SEOUL, South Korea (CNN) -- With its anonymous skyline and mind-numbing traffic, Seoul may not seem like a sci-fi city. And yet it's blazing one very high-tech trail.
A DMB (Digital Multimedia Broadcasting) phone is shown for "Ubiquitous Digital Life" on March 30, 2005.
It's where hardcore online gamers get paid as professionals. It's where social networking, in the form of the incredibly successful Cyworld, has been abuzz since 1999 -- predating both Facebook and MySpace.
It's also where watching live television on your mobile is an everyday habit. And try not to stare when you see it. "DMB phones," as they're known, are so 2005.
These days, consumers are getting ready for the launch of the BluEye by SK Telecom -- a matchbook-sized projector that simply plugs into your handset to screen mobile videos.
They're also gearing up for the LG Viewty, a high-feature camera phone that shoots videos at 120 frames per second and, in certain markets, uploads the video to YouTube with a single click.
This is the land where tomorrow reigns, as local consumers are all too willing to flaunt the next new thing.
Sanjin Lee, Director of the Ministry of Information and Communication (read: South Korea's I.T. czar), tells me that Koreans are simply "impatient" and have "I.T. DNA."
This gotta-have-it technolust has in turn forced the government to deliver the future.
For starters, the government has set up the "Ubiquitous Dream Hall" -- a dreamily named showcase of the future home, complete with robot butler and a refrigerator that orders any missing food items on the spot.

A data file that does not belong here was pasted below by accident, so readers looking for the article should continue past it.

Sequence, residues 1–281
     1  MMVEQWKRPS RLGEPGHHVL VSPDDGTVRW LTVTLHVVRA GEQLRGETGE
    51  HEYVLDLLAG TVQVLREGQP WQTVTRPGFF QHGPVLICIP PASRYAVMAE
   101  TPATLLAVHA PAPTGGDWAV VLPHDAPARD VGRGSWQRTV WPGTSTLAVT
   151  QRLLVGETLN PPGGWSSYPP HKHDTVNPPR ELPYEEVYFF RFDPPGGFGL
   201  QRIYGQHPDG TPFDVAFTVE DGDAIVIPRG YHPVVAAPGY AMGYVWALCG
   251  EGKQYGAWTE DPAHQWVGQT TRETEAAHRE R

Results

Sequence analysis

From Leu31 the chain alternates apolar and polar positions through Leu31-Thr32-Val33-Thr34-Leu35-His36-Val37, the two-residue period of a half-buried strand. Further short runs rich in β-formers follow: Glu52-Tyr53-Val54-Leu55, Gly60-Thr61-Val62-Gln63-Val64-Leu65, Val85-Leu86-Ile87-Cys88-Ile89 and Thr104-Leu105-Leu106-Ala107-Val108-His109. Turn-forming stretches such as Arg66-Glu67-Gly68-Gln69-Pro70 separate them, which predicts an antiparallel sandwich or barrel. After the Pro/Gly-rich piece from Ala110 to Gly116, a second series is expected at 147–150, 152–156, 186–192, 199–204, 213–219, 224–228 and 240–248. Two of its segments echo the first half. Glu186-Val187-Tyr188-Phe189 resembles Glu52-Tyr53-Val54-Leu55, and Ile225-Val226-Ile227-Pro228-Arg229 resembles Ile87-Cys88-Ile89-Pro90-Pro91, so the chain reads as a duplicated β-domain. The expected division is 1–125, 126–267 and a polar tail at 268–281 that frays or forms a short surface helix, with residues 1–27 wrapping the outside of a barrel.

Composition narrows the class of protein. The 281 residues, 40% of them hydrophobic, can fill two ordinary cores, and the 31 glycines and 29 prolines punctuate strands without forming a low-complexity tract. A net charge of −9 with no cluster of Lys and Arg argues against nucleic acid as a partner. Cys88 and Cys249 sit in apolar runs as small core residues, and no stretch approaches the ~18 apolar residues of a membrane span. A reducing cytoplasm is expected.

The networked fridge has been a long-predicted feature (if not cliché) in the South Korean future home -- a feature that, both in and outside the country, really has yet to become a reality.
But such forward thinking has transformed South Korea from one of the poorest countries in Asia to an advanced high-tech economy that's home to major tech firms like Samsung and LG, as well as the most wired population on the planet.
The country boasts more than 30 million mobile subscribers out of a population of around 49 million, and more than three quarters of Korean homes enjoy blazingly fast broadband.
Always-on Internet, mobile TV, viral video projectors -- it's enough to inspire a bad case of techno envy. And yet the one geek souvenir I wanted so desperately to bring back home was neither fast nor wireless.
It was the "puppy couch Sotoro" -- a (for lack of a better way to put it) furry dog robot couch that whimpers when it's upset.
Sotoro settles down only when you take a seat and stroke its brown fuzzy "arms" -- a delightfully offbeat piece of technology that I never thought I needed. E-mail to a friend